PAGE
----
In India, the Planning Commission has established itself as a vital part of the development administration and process. Every activity in the country today revolves around this group. The work cannot continue until the Commission makes money available for a project.
India has been experimenting with the concept of a planned economy for quite some time. It was recognized as early as 1876, when Dadabhai Naoroji authored his ‘Poverty of India,’ that India’s poverty could only be removed if concerted efforts were made. First and foremost, the concept of a planned economy emerged in the 1930s, when our national leaders were influenced by socialist theory. The tremendous progress made by the USSR through five-year plans impacted India’s five-year plans greatly.
Sir M. Visvesvaraya wrote “Planned Economy in India” in 1934, in which he proposed a positive plan for India’s growth over the next ten years. His main goal was to devise a strategy for shifting labor from farm to industry and doubling national GDP in ten years. He unveiled his ten-year plan, with the goal of increasing the country’s income. Under the presidency of Late Pt. Jawahar Lal Nehru, the Indian National Congress established a National Planning Committee in 1938.
This was the first substantial scholarly work in the field of planning. Between the 1931 Karachi session of the Indian National Congress and the 1936 Faizpur session of the India National Congress, the economic viewpoint of India’s freedom movement was developed.
National Planning Committee for Managing Indian Economy
In 1938, the first attempt to construct a national plan for India’s economy was made. In that year, Congress President Subhash Chandra Bose established a National Planning Committee, which was chaired by Jawaharlal Nehru. However, the committee’s reports were unable to be compiled, and some articles were only published for the first time in 1948-49.
However, because of the start of World War II, the Committee’s work was impeded. The then-Government of India recognized the need for a planning organization in India and established a Committee for Planning in 1941. This Committee was succeeded in 1943 by the Executive Council’s Reconstruction Committee, which was chaired by the Governor-General himself.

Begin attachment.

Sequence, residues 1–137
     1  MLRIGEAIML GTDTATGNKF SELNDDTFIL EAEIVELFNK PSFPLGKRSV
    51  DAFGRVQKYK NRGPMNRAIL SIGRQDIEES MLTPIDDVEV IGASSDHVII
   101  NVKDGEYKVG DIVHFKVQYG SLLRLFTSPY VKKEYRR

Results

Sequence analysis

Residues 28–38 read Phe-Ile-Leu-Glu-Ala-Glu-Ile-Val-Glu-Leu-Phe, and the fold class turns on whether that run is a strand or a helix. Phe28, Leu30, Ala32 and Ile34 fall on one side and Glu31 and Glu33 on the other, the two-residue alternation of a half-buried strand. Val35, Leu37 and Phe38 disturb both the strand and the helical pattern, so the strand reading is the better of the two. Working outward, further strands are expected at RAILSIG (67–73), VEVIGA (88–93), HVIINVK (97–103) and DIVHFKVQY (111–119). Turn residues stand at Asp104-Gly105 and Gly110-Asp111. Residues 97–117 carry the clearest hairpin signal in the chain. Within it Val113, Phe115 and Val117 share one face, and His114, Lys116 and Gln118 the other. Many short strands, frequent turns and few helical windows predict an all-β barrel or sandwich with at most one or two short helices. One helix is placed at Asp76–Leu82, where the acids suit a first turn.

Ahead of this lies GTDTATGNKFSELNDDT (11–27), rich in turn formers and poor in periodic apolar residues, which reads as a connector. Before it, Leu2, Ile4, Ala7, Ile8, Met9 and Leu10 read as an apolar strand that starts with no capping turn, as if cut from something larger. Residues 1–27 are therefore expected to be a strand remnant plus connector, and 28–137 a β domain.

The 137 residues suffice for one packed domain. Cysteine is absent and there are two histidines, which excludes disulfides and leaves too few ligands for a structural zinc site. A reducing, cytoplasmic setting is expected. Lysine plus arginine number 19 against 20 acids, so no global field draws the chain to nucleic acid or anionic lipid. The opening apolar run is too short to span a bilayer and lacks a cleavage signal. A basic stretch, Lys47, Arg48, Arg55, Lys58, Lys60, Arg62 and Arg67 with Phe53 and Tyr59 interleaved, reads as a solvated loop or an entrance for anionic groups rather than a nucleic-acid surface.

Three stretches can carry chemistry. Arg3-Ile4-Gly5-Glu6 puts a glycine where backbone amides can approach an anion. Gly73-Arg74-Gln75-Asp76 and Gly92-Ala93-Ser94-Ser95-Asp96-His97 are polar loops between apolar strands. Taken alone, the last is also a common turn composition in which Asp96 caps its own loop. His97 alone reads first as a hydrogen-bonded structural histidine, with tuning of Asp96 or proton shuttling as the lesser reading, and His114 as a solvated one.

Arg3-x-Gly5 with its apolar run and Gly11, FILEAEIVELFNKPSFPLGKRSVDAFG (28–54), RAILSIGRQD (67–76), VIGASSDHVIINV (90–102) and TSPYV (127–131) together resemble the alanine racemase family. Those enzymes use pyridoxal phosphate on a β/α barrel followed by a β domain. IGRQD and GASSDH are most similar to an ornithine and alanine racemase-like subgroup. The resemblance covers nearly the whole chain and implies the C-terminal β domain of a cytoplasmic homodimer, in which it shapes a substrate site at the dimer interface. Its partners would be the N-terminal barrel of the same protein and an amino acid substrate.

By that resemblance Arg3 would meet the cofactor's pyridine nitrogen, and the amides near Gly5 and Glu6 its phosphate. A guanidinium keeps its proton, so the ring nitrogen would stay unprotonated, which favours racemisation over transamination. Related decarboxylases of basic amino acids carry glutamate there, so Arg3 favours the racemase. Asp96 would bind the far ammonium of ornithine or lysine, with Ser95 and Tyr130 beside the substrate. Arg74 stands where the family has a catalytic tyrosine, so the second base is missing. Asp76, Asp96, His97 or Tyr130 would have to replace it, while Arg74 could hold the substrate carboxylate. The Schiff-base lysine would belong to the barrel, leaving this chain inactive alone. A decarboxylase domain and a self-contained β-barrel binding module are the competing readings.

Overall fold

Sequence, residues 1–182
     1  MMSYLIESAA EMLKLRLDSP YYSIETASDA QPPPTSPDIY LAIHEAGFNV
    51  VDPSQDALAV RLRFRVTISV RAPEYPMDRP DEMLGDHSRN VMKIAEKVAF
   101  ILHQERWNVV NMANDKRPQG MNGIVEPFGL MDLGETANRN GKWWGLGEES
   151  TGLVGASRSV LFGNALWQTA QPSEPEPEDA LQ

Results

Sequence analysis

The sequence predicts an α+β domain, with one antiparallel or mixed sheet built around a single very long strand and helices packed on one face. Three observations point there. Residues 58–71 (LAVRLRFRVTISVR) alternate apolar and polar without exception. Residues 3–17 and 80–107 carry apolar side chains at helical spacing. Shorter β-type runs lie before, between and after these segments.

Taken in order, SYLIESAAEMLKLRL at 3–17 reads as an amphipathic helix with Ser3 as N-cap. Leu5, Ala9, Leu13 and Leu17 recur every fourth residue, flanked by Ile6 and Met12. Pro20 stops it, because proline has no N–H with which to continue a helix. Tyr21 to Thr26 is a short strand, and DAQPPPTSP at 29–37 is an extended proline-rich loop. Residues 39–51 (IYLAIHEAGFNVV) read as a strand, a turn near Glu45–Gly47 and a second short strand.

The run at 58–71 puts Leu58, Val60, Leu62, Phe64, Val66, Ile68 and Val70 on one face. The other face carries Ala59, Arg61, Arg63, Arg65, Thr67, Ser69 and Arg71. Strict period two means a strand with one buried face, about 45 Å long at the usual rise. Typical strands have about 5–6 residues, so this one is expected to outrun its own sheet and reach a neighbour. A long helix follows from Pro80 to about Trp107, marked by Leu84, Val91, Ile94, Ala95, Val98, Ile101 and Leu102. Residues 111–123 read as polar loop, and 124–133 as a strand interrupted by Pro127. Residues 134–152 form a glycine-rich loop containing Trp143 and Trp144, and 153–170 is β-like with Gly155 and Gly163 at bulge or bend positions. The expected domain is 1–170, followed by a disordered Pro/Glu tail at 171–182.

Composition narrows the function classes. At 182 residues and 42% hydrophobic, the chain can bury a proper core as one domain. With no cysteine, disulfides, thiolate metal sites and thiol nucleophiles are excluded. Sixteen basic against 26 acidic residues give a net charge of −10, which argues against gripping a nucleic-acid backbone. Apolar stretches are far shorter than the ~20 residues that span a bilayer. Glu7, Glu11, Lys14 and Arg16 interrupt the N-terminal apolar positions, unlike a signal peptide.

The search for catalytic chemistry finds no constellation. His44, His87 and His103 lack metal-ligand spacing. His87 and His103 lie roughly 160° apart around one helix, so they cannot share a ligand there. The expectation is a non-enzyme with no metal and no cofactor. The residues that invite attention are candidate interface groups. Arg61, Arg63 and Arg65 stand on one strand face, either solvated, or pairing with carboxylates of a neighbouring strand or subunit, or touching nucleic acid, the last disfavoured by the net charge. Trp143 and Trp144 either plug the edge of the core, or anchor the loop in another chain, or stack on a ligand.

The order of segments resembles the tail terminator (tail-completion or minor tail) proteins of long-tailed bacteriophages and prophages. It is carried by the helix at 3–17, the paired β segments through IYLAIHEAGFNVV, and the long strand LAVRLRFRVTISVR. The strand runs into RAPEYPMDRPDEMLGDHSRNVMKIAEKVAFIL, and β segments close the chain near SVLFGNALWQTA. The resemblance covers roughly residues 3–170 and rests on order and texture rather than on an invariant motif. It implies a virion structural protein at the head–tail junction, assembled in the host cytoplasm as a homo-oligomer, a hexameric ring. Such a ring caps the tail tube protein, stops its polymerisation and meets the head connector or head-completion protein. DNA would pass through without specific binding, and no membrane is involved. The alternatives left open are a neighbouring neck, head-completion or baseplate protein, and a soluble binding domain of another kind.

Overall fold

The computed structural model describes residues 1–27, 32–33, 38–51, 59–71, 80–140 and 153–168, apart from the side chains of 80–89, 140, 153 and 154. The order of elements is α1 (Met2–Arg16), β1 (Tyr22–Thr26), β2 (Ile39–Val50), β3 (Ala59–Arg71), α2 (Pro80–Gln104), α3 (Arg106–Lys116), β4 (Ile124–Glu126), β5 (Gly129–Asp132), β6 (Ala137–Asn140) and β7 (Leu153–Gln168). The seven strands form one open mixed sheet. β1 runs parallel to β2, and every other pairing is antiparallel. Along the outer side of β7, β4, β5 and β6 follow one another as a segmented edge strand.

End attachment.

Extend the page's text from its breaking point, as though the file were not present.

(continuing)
A year later, in 1944, the Government of India established a separate Planning and Development Department under the leadership of Ardeshir Dalal. However, in 1946, this section was disbanded. Mr. JRD Tata, GD Birla, Purshottamdas Thakurdas, Lala Shriram, KasturbhaiLalbhai, AD Shroff, Ardeshir Dalal, and John Mathai, working together, prepared “A Brief Memorandum Outlining a Plan of Economic Development for India” at the same time.
The Bombay Plan is the name for this strategy. His proposal called for doubling per capita income in 15 years and tripling national income in the same time frame. Despite the fact that Nehru did not officially adopt the plan, many of its principles were incorporated into later designs.
Sriman Nayaran, the principal of Wardha Commercial College, devised this design in 1944. It prioritized economic decentralization with a focus on rural development through the development of cottage enterprises.
The interim Government of India established an Advisory Planning Board in 1946, with K.C. Neogi as its Chairman. Its purpose was to offer recommendations on planning coordination and improvement, as well as set objectives and priorities for future planning machinery. It was proposed that a single, compact, authoritative institution be established to deal with the entire field of development and be directly accountable to the cabinet.
It was also suggested that the body’s name be changed to Planning Commission. Members of the Commission should have broad public-policy expertise on the one hand, and come from industry, science, and technology on the other, with no Minister among them.
MN Roy authored the People’s Plan. This strategy covered a ten-year span and gave agriculture top attention. The fundamental feature of this plan was the nationalization of all agriculture and production. M N Roy, on behalf of the Indian federation of Lahore, created this proposal based on Marxist socialism.
The government established the National Planning Committee in 1948. The Planning Commission was established by a resolution of the Government of India on March 15, 1950, and began functioning on March 28, 1950.
Jaiprakash Narayan designed the Sarvodaya Plan in 1950. The Gandhian Scheme and Vinoba Bhave’s Sarvodaya Idea were both inspirations for this plan. Agriculture and small and cottage enterprises were highlighted in this plan. It also emphasized land reforms and decentralized participatory planning, as well as freedom from foreign technology.
The All India Congress Committee founded the Economic Programme Committee (EPC) shortly after independence in 1947, with Nehru as its head. This committee was charged with devising a strategy for balancing corporate and governmental partnerships, as well as urban and rural economies. This group advocated the formation of a planning commission in 1948.
The Planning Commission was established as an advisory and specialized institution by a resolution of the Government of India in March 1950, in order to promote a rapid rise in the people’s standard of living by efficient exploitation of the country’s resources, increasing production, and offering opportunities to all for employment in the service of the community.
The Planning Commission was an extra-constitutional body tasked with assessing all of the country’s resources, supplementing lacking resources, devising plans for the most efficient and balanced use of resources, and establishing priorities. The first Chairman of the Planning Commission was Jawaharlal Nehru.